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Odd News on Blue Trail Range

We’ve followed the saga of the Blue Trail Shooting Range up in Connecticut for a while now.  It seems there’s a new twist in this sorry story that’s very strange.  It would seem our villain this story, Pat DiNatale, who argued that the reservoir adjacent to the Blue Trail range was contaminated with lead, is taking about $450,000 of said “contaminated” soil from a dredging project on the reservoir to use as topsoil for a grazing field for his cows.  See stories here and here.  I guess if he’s willing to use it for grazing purposes, he can’t think it’s very contaminated then can he?  The soil apparently tests out fine.

There’s always been something very shady with this whole thing.

13 Responses to “Odd News on Blue Trail Range”

  1. emdfl says:

    IIRC this guy was/is a developer who I suspect covets his neighbor’s(Blue Ridge) land…

  2. Sebastian says:

    I’ve thought so too. This whole thing has felt like a local dispute from the beginning. Not that I think that makes what DiNatale is doing OK, but there’s a lot of local corruption that I expect we’re not privy to behind a lot of this.

  3. Shouldn’t an uninterested third party seek an injunction to prevent him from doing this, since he claims, you know, that it’s a bad idea?

    I’m just sayin’

  4. Sebastian says:

    I think the Blue Trail attorney is jerking him around a bit.

  5. RAH says:

    A range and a sport in danger for greed of a neighbor. Typical human behavior. At least the range is fighting and the hearing boards are listening.

  6. mikeb302000 says:

    But, isn’t it a legitimate concern, the environmental damage at the site of outdoor shooting ranges? In fact, I think this could very well be a contributing factor in glogal warming. That part’s a joke, but wouldn’t some of these places be depositing tons of lead into the ground?

  7. Sebastian says:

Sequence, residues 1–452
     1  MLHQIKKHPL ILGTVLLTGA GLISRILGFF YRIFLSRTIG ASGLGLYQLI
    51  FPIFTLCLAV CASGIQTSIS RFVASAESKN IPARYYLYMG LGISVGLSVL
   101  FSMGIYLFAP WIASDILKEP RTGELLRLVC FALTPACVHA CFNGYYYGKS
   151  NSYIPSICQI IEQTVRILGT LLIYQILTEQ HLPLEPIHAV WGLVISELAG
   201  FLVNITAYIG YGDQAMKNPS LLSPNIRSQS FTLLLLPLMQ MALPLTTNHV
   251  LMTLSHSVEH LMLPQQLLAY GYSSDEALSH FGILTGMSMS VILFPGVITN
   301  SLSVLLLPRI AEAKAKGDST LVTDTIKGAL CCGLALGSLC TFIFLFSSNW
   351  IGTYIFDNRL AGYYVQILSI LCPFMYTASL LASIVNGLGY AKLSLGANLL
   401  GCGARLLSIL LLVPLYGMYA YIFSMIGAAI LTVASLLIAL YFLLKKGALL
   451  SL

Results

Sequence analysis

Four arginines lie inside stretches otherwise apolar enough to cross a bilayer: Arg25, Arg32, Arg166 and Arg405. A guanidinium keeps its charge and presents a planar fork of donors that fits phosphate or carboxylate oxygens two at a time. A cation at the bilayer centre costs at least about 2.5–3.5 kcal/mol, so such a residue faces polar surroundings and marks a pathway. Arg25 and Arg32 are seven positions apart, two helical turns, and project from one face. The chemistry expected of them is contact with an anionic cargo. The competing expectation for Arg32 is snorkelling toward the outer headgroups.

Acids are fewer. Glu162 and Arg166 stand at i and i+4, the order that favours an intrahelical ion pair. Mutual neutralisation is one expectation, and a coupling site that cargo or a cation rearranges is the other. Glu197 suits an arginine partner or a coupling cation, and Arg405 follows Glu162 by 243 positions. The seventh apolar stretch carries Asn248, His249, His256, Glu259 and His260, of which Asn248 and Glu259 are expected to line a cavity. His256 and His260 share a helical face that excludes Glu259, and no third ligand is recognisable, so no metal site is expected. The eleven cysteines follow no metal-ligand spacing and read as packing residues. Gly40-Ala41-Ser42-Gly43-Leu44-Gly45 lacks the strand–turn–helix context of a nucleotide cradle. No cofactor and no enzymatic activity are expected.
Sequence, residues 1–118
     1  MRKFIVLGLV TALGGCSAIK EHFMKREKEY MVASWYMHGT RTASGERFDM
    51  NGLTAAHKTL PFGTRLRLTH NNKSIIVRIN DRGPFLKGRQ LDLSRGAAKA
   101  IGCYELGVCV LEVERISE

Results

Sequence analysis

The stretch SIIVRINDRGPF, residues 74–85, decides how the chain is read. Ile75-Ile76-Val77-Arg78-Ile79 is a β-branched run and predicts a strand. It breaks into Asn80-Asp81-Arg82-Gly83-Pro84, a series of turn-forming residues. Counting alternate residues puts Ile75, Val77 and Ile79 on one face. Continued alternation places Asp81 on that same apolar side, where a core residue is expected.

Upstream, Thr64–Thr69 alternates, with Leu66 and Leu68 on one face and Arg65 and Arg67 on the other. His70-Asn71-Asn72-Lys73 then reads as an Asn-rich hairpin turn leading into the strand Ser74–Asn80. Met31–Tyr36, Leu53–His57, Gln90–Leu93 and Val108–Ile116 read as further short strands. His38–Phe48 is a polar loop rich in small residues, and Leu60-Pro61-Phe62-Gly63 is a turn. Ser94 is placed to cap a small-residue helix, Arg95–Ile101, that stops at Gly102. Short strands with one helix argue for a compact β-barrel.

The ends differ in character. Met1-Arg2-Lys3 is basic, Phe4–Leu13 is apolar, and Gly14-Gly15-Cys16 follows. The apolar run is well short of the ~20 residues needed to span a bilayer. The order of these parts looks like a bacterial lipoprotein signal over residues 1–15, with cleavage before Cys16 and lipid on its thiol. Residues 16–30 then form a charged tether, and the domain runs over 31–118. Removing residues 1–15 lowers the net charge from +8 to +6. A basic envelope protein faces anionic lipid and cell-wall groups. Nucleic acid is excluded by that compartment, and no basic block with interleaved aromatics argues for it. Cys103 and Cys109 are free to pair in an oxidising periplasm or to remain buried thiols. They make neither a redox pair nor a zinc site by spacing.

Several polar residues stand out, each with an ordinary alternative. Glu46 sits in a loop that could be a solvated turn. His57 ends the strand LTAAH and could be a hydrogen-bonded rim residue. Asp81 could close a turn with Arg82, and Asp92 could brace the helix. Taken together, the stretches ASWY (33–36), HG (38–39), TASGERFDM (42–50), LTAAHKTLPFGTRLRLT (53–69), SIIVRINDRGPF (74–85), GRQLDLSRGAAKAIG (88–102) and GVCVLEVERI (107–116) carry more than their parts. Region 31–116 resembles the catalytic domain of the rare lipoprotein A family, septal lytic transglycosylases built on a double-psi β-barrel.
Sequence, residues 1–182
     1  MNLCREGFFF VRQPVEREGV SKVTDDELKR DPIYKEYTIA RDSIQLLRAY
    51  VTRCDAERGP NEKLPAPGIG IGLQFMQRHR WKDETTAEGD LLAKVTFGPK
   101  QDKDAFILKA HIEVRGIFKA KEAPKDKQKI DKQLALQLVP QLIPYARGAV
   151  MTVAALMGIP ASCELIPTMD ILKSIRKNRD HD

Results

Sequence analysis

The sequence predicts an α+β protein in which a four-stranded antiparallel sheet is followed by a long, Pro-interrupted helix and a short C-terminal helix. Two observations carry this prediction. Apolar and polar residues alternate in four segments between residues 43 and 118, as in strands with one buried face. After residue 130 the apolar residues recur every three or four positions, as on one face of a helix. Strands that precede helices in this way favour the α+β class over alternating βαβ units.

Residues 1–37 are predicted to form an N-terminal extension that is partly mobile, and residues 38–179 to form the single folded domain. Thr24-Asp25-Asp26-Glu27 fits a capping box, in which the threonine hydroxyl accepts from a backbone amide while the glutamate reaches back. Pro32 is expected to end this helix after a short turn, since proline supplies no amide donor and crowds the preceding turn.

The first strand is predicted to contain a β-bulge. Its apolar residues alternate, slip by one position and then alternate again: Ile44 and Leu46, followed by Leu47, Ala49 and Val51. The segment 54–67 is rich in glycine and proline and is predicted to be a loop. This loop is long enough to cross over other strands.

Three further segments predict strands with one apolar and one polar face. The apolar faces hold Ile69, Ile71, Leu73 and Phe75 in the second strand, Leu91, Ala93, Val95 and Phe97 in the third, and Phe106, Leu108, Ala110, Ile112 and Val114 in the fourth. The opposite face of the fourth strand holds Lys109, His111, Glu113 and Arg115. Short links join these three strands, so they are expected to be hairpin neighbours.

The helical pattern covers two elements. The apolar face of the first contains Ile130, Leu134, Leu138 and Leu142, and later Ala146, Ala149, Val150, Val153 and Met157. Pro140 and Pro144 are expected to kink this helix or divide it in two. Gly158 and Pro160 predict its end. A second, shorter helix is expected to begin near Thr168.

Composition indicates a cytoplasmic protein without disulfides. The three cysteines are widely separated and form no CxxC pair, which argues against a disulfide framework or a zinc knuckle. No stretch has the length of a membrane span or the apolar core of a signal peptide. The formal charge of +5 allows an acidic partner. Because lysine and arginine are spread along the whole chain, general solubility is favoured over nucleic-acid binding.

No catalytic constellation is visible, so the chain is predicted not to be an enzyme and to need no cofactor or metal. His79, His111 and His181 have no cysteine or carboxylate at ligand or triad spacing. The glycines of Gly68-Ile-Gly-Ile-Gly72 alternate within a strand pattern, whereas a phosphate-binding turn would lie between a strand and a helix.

MikeB:

    It’s a concern, but not that big a concern. Most ranges will mine their berm for the lead and copper. That stuff is too valuable to just throw away. These days there’s even trap like backstops that collect the lead in buckets for you for convenient recycling.

    Elemental lead is not that mobile in soil. It tends to stay in the berm, and not seep into ground water. That’s probably why the soil and water in the reservoir behind the range shows no sign of contamination. Most environmental lead pollution comes from lead salts, oxides, and organic compounds, used in industrial processes, rather than from elemental lead.

  8. Linoge says:

    *sigh* I just cannot help myself:

    …but wouldn’t some of these places be depositing tons of lead into the ground?

    Where, exactly, do you think that lead came from to begin with?

    However, in order to prevent this commet from being entirely snarky, I shall present the audience with the Bane of MikeB – facts:

    There were 20 million metric tons of lead bullets fired in the United States in the 20th century. Is that lead having an environmental impact?

    Not at or near the U.S. Forest Service firing range near Blacksburg, according to research by Virginia Tech geological scientists. Donald Rimstidt, a professor in the Department of Geosciences, College of Science at Virginia Tech, will report the conclusions of a five-year study at the 116th national meeting of the Geological Sciences of America in Denver Nov. 7-10.

    However some lead escapes, he said. “But we learned that it is absorbed in the top few inches of soil and does not migrate beyond that,” Rimstidt said. “Lead is not very mobile. It does not wash away in surface or ground water.”

    Lead contamination at ranges is definitely a problem if you intend on gobbling down mounds of dirt from the berm; however, aside from that, so long as the top few inches of soil are not massively disturbed, there is next to nothing to worry about.

    Oh, and the funny situation? Tungsten, often touted by the “green” crowd as a “green” alternative to lead actually breaks down faster than lead, presenting more of a hazard to ground water. Whoops.

  9. Sebastian says:

    That’s the main issue. There’s not really any good alternative to lead. Copper is the closest thing, really. But copper has ballistic disadvantages. Any heavy metal is going to be toxic. There’s no way around that.

  10. Andrew says:

    Thou shalt not covet they neighbors dirty….wife!!

    Is that commandment quoted correctly?

    Quarantine his livestock and make him check them for heavy metal contamination. Should take months and cost him hundreds, if not thousands.

  11. mikeb302000 says:

    Thanks for the answers, guys. I’ve wondered about this and your answers explain why I’ve never heard much about it.

  12. Weer'd Beard says:

    We’ll see how long before he tosses all info aside and plays dumb on the issue when it suits his needs.

    He’s done it before, we’d be stupid to think he won’t do it again.

  13. comatus says:

    Some EPA sources claim that they have never requested any soil remediation at ranges, beyond liming the soil. Lead only dissolves into groundwater if there is significant acid. Spreading lime neutralizes the acid, and the lead stays where it was put.

    Other agencies, of course, may have other priorities.

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